Autism Project in GA is Working for Early Diagnosis
Hearing that your child has a disorder is nothing any parent wants to hear, but often many developmental disorders are discovered when the child is fairly young. This isn’t always the case with autism, though, as the median age children are diagnosed is around eight years old. An autism research center has partnered with a group in Georgia to raise awareness of the early signs of autism. The earlier an autism spectrum disorder is recognized, the sooner the parents and child can gain access to treatment.
According to the NIH, autism spectrum disorder is “a range of complex neurodevelopment disorders, characterized by social impairments, communication difficulties, and restricted, repetitive, and stereotyped patterns of behavior.” Doctors aren’t aware of any single cause of the disorder, but some people believe that it may be inherited or caused by environmental factors, such as immunizations.
The Marcus Autism Center is working with the Georgia Department of Early Care and Learning to train childcare providers to identify the early signs of autism. Autism Speaks, an organization that advocates for the disorder, lists the following symptoms as early signs of autism:
No big smiles or other warm, joyful expressions by six months or thereafter;
No back-and-forth sharing of sounds, smiles or other facial expressions by 9 months;
No babbling by 12 months;
No back-and-forth gestures such as pointing, reaching or waving by 12 months;
No words by 16 months;
No meaningful, two-word phrases (not including imitating or repeating) by 24 months;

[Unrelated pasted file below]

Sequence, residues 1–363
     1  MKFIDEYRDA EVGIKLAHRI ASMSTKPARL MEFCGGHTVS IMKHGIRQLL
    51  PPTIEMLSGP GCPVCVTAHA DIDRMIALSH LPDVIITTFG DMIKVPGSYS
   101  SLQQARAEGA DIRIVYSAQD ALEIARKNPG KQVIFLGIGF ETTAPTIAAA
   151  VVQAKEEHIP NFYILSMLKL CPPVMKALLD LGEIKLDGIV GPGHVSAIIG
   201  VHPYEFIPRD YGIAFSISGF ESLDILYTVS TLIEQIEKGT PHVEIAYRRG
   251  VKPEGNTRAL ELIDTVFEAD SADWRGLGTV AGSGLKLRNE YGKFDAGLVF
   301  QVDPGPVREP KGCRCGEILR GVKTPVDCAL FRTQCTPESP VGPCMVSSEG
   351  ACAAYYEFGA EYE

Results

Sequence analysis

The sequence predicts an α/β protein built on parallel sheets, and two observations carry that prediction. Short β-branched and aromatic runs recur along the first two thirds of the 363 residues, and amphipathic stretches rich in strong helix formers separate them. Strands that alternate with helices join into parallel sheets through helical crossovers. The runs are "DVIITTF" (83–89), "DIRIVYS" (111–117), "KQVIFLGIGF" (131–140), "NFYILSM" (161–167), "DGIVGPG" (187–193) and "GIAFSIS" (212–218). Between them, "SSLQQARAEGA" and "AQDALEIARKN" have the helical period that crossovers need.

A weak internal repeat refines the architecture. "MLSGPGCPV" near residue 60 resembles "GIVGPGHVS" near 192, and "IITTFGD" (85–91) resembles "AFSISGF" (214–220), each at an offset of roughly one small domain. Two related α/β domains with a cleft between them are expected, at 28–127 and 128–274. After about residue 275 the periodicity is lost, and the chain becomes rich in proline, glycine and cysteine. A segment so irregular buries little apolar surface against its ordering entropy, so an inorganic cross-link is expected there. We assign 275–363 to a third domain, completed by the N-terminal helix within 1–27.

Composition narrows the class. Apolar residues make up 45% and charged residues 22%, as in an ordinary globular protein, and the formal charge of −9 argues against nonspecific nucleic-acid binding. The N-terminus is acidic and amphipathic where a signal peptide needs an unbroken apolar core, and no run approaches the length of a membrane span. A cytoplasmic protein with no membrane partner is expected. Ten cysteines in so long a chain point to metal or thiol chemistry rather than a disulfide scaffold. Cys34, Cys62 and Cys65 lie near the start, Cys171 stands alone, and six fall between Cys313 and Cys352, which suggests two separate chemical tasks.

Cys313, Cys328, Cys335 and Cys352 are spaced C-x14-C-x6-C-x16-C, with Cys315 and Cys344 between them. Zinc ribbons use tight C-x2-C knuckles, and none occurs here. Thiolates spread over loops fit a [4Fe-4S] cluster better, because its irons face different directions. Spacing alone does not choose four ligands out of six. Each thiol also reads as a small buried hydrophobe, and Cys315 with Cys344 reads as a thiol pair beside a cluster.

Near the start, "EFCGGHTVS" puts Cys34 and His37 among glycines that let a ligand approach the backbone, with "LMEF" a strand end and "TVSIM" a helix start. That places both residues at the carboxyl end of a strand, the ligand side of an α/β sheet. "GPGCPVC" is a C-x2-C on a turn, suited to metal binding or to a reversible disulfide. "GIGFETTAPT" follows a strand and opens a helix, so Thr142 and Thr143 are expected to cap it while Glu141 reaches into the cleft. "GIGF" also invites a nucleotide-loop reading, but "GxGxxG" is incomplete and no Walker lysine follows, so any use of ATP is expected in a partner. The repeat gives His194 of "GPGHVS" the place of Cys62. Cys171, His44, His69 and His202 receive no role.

Any loss of speech, babbling or social skills at any age.
While having a few of those symptoms doesn’t necessarily mean the child has autism, it may warrant a discussion with the child’s healthcare provider. Autism Speaks also offers an online screening for parents or other caregivers who want to see if their child is at risk for autism.
Don Mueller, the executive director of the Marcus Autism Center, emphasizes how important early detection of autism is. “Today, if I get a phone call and someone says they’ve got an 8-year-old who is unable to speak and is in need of our help, I know we can help that child. But we cannot help that child nearly as much as we could have if we got that same phone call when that child was 2,” said Mueller.
Autism occurs in about 1 out of every 88 kids. There are different forms of autism, including Asperger Syndrome, autistic disorder, Rett syndrome and childhood disintegrative disorder. While some forms are more severe than others, with early detection there is a much better chance of the child getting help to learn necessary skills.
Jennie Couture, who is in charge of the autism training program says, “It’s families, the community, teachers, the other folks the child comes into contact with. When you start with a very early diagnosis and identification, you can get all those folks up to speed to support that child for all those hours of engagement.”